The U.S. healthcare sector absorbs nearly one-fifth of GDP, encompassing a diverse set of industries with public, not-for-profit, and for-profit buyers and sellers. Regulators have a substantial opportunity and obligation to promote efficiency and competition in these various industries. Gaining a better understanding of firms’ strategic considerations is essential for designing optimal policies. This course will introduce participants to the key sectors comprising the healthcare industry (including insurers, pharmaceuticals, and acute and non-acute care providers) from the vantage point of the firms operating within them. We will discuss the impact of regulation and public insurance programs on business strategies and outcomes, with an emphasis on competition policy (i.e., antitrust enforcement). Virtually all examples will be U.S.-based. We will discuss select developments in U.S. healthcare reform over the past 8-9 years, particularly those affecting healthcare enterprise.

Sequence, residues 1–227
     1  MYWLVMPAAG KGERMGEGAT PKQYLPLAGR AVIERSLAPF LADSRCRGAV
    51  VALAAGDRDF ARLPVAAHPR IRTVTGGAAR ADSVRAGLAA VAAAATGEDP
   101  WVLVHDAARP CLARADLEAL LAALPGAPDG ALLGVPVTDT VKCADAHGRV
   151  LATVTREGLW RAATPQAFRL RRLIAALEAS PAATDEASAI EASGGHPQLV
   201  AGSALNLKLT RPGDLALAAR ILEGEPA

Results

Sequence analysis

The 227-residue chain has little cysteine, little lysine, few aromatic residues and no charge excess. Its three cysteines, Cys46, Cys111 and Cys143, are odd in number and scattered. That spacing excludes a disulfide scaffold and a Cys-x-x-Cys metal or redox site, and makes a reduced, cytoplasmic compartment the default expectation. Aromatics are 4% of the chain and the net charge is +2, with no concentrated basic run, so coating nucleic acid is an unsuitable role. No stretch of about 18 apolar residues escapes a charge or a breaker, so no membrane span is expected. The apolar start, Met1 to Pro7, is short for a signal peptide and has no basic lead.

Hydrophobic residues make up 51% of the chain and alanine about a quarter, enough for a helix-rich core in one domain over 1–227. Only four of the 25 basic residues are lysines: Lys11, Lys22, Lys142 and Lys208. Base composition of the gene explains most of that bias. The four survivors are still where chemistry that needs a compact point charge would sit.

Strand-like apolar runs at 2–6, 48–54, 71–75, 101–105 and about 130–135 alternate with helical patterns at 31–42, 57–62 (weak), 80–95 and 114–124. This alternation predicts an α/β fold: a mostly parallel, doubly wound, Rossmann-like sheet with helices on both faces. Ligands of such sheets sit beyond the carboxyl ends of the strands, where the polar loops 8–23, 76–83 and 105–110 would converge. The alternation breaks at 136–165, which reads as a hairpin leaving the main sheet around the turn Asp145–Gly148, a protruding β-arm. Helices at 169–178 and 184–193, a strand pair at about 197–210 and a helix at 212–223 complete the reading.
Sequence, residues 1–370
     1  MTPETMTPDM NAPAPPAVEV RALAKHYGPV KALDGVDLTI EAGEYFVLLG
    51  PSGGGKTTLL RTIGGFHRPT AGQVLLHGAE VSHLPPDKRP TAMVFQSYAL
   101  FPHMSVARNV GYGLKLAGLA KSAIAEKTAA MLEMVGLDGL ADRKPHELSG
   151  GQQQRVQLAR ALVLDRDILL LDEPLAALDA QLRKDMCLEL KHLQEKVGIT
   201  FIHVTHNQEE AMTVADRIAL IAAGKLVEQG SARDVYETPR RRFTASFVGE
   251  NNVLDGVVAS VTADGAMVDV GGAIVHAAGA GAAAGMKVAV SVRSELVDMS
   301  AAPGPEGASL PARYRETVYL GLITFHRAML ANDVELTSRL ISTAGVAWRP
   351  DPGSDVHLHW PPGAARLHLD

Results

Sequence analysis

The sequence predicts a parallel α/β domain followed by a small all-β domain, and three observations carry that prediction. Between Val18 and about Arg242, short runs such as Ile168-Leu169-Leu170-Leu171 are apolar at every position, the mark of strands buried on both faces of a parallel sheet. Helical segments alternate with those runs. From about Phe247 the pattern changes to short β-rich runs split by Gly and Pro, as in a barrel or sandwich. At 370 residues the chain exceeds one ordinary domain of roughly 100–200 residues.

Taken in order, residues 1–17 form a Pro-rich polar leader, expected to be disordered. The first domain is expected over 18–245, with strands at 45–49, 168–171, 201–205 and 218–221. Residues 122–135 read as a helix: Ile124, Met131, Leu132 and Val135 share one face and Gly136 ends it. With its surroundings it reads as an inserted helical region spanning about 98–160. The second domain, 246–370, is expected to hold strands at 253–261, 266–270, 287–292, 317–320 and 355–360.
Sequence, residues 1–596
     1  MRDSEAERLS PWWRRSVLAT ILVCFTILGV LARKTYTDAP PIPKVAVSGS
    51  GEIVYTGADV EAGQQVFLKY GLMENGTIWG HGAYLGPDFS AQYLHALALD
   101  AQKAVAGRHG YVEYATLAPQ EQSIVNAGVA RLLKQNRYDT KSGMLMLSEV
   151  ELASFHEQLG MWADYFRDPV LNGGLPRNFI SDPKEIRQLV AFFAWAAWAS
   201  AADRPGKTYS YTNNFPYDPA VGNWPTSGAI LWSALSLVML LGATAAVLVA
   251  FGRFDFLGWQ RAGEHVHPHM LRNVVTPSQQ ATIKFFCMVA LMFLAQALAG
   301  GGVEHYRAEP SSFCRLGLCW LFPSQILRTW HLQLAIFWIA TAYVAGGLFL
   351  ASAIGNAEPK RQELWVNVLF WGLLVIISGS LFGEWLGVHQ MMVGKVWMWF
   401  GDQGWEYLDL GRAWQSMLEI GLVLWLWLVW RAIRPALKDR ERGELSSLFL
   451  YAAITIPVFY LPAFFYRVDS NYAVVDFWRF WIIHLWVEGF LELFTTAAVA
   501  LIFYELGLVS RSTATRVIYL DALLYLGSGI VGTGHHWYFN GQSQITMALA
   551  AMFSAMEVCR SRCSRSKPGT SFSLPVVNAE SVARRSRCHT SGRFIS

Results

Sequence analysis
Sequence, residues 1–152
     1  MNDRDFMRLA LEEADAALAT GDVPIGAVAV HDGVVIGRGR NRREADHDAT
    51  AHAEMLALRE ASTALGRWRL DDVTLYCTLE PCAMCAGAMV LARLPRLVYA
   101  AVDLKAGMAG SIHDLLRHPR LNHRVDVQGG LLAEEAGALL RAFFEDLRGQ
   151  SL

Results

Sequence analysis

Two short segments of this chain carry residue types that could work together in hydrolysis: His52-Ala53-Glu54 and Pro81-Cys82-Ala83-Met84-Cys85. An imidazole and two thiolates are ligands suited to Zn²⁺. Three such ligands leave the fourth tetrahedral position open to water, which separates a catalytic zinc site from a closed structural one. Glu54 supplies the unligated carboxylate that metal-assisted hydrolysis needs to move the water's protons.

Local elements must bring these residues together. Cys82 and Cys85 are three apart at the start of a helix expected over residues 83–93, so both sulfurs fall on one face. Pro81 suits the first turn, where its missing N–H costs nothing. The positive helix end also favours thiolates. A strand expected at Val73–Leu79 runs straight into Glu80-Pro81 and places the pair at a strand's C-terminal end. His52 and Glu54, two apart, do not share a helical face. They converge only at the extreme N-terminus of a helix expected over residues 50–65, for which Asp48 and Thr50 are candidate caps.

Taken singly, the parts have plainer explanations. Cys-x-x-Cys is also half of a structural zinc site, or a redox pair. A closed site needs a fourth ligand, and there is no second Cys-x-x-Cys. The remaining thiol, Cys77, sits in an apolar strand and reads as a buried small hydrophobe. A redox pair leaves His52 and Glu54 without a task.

Course time will be split between lectures and case discussions. Readings must be completed before class due to the interactive case-teaching method employed.
Prior course in microeconomics. Statistics (through linear regression)